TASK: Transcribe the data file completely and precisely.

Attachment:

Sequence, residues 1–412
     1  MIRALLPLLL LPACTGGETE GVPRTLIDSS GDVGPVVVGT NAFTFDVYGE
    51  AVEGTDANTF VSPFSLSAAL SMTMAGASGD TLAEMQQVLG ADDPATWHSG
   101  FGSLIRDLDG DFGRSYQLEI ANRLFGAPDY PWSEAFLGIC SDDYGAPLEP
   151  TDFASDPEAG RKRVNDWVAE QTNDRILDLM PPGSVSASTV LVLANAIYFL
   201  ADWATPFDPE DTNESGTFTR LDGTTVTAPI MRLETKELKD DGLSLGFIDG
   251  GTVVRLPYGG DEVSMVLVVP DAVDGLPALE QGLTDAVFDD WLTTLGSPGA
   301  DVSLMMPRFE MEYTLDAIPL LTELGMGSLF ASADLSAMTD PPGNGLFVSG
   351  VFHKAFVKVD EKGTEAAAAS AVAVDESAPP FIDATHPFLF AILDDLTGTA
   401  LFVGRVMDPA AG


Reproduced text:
Sequence, residues 1–412
     1  MIRALLPLLL LPACTGGETE GVPRTLIDSS GDVGPVVVGT NAFTFDVYGE
    51  AVEGTDANTF VSPFSLSAAL SMTMAGASGD TLAEMQQVLG ADDPATWHSG
   101  FGSLIRDLDG DFGRSYQLEI ANRLFGAPDY PWSEAFLGIC SDDYGAPLEP
   151  TDFASDPEAG RKRVNDWVAE QTNDRILDLM PPGSVSASTV LVLANAIYFL
   201  ADWATPFDPE DTNESGTFTR LDGTTVTAPI MRLETKELKD DGLSLGFIDG
   251  GTVVRLPYGG DEVSMVLVVP DAVDGLPALE QGLTDAVFDD WLTTLGSPGA
   301  DVSLMMPRFE MEYTLDAIPL LTELGMGSLF ASADLSAMTD PPGNGLFVSG
   351  VFHKAFVKVD EKGTEAAAAS AVAVDESAPP FIDATHPFLF AILDDLTGTA
   401  LFVGRVMDPA AG